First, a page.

• Retention rates—This is one of the best metrics to assess company culture. If retention rates improve with ERG initiatives, it’s a good indication that inclusivity and belonging are improving.
  • Promotion numbers amongst minority/marginalized groups—A truly inclusive workplace encourages (and provides) professional development opportunities for everyone to advance. Improvements in promotion numbers among minority/marginalized groups show that the company can provide that at all levels.
  • Leadership pipeline—One of the issues that corporations have with a lack of diversity at the top level is the pool of candidates within the organization. Improving this at the junior and mid-level can solve this issue.
  • Diversity of new hires—Improving diversity at an organization begins by hiring candidates from a range of demographics. An organization that struggles with diversity can improve by paying attention to its hiring process to ensure that they’re attracting candidates of all backgrounds.
  • Employee engagement—Engaged employees are productive employees, and are often happier than their disengaged counterparts. Great relationships and opportunities to learn and grow are two factors that are closely tied to employee engagement, both of which ERGs can help with.
  • Net Promoter Score—This is a scoring system that measures satisfaction, loyalty and an employee’s willingness to recommend the company to others. An inclusive company will have a high net promoter score and have employees voluntarily recommending the company to their peers and wider professional networks.
  • Pay equity— An inclusive company rewards its employees fairly. A company with pay equity amongst employees of all demographics will experience greater loyalty and motivation from their employees in the long term.

Companies should make the above information available to employee resource group leaders, given that they’re often the first point of contact for employee resource group members when they have group-related concerns. Employee resource group leaders can then use these findings to make any tweaks to initiatives and programs so that they meet the members’ needs, determine what additional investments and resources might be necessary and ensure they are following employee resource group best practices.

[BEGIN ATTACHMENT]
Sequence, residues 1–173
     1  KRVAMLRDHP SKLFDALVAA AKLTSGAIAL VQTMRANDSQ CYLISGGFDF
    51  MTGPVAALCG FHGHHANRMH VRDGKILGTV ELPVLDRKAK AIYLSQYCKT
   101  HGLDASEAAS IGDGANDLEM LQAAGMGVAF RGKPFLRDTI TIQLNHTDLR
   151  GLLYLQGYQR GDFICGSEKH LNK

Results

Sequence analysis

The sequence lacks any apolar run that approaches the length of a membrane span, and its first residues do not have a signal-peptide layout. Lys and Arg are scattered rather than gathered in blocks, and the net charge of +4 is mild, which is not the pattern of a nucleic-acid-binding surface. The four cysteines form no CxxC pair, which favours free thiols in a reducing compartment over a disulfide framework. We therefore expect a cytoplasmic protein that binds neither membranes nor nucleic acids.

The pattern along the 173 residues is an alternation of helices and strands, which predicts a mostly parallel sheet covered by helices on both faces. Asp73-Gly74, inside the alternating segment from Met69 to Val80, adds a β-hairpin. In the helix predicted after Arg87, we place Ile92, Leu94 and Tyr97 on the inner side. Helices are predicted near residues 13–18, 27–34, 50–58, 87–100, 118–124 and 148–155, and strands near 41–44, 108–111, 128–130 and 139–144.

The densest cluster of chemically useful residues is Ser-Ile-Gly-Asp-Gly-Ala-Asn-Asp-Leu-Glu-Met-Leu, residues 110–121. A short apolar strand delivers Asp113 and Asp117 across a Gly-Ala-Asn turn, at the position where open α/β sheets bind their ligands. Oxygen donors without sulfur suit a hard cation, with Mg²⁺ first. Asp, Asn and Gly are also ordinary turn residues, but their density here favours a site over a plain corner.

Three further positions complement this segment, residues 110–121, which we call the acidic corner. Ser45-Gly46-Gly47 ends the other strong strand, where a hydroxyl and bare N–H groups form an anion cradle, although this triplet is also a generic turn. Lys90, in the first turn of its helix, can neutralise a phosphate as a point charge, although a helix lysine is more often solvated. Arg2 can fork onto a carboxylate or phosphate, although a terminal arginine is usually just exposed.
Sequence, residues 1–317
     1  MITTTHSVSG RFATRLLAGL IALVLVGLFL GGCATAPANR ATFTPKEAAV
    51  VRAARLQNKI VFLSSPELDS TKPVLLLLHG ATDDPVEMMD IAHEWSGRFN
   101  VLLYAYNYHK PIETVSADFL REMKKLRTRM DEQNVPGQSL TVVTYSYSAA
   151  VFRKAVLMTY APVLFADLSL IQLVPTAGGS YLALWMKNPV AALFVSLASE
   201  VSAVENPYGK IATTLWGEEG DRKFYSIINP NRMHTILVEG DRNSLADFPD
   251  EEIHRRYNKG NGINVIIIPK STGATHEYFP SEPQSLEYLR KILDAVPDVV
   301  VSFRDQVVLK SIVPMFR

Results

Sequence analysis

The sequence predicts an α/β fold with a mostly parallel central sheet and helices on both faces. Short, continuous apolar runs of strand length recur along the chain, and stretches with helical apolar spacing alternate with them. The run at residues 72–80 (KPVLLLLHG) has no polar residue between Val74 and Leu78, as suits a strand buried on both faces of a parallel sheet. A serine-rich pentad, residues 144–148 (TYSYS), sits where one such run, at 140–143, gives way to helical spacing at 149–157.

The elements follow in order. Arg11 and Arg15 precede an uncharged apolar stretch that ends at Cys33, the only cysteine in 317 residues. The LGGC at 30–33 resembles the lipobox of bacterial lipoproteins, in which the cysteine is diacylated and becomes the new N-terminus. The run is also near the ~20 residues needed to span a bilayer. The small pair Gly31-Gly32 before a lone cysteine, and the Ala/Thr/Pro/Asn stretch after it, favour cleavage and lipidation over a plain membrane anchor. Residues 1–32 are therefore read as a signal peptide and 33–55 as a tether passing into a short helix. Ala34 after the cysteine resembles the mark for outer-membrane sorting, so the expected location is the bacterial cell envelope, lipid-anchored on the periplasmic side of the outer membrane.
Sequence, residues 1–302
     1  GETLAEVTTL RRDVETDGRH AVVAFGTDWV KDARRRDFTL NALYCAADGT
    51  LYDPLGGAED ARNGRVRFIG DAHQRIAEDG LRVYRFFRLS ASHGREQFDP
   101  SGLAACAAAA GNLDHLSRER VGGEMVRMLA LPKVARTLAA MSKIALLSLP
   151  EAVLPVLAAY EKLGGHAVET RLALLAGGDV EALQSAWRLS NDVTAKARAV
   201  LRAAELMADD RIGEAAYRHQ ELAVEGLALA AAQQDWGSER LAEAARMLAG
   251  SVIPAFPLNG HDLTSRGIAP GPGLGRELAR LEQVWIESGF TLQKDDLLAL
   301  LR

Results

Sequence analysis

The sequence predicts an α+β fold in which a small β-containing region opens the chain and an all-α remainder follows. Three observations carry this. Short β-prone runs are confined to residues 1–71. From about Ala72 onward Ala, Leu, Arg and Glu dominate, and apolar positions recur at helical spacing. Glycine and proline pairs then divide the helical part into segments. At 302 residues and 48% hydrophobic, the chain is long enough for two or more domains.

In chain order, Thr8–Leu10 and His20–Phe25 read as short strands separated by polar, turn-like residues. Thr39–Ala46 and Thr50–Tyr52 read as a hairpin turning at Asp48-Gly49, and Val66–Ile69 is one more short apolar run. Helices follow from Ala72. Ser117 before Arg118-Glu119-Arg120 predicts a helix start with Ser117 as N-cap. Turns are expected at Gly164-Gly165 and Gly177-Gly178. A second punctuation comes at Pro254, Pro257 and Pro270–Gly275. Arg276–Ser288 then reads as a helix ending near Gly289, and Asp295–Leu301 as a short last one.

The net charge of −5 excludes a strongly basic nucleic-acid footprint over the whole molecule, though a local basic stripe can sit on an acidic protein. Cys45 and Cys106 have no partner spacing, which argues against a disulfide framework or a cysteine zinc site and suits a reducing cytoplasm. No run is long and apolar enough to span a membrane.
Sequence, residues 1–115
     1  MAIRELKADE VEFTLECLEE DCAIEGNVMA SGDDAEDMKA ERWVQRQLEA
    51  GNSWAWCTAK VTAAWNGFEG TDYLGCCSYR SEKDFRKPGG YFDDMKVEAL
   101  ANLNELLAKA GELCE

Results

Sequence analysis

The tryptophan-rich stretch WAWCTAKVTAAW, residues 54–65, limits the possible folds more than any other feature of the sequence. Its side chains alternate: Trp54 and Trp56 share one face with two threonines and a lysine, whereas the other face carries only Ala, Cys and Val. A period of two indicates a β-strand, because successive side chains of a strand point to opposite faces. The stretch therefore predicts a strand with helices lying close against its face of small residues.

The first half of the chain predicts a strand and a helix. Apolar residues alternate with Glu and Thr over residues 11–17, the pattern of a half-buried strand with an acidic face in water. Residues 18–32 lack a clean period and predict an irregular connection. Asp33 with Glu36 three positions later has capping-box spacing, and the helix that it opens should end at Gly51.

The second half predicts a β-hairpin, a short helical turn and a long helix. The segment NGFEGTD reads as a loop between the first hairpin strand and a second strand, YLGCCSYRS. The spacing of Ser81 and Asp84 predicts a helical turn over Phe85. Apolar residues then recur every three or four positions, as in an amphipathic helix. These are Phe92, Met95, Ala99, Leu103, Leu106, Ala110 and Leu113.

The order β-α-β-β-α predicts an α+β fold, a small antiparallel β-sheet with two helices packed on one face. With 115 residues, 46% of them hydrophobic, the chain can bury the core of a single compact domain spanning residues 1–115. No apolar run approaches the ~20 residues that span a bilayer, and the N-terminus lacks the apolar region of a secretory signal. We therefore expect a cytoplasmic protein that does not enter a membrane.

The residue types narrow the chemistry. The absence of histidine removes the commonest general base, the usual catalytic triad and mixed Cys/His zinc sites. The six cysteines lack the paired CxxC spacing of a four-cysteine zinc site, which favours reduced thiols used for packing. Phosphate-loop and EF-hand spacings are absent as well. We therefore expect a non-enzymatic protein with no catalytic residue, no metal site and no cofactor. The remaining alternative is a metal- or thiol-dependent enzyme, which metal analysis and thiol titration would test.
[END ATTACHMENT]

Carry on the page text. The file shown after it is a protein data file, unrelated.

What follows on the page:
Boosting workplace engagement with employee resource groups best practices

Tools to Increase ERG Effectiveness

In order for members to follow proper employee resource group best practices, ERGs need the support of organizations to do their job effectively. One of the ways that companies can support their employees and their respective ERGs is by investing in software to manage and run those ERGs. This enables companies to centralize the programs and initiatives, establish a standardized structure and guideline that ERGs can work from and reference, and reduce the administrative hours that come with managing ERGs.

The Chronus ERG software makes it easier for companies to provide the support that allows ERGs to thrive. The software automates administrative tasks and provides the necessary structure to form and scale ERGs accordingly. Some of the benefits are as follows:

  • Streamlined tool for enrolling members and organizing membership data, in addition to built-in features that allow ERG leaders to organize, coordinate, and track ERG activities and member participation.
  • A seamless communication platform that allows members to communicate with each other, contributing to a transparent company culture.
  • Tracking features that aggregate data and metrics, making it easy for organizations to track impact and progress, as well as generate ROI reports.


Following employee resource group best practices can yield many benefits for companies and employees. But to reap those rewards, companies need to be willing to put in the work to engage in best practices and create an environment conducive to supportive and successful ERGs. Investing in tools—like the Chronus ERG Software, allows companies to do just that and focus on doing the things that truly matter to their employees.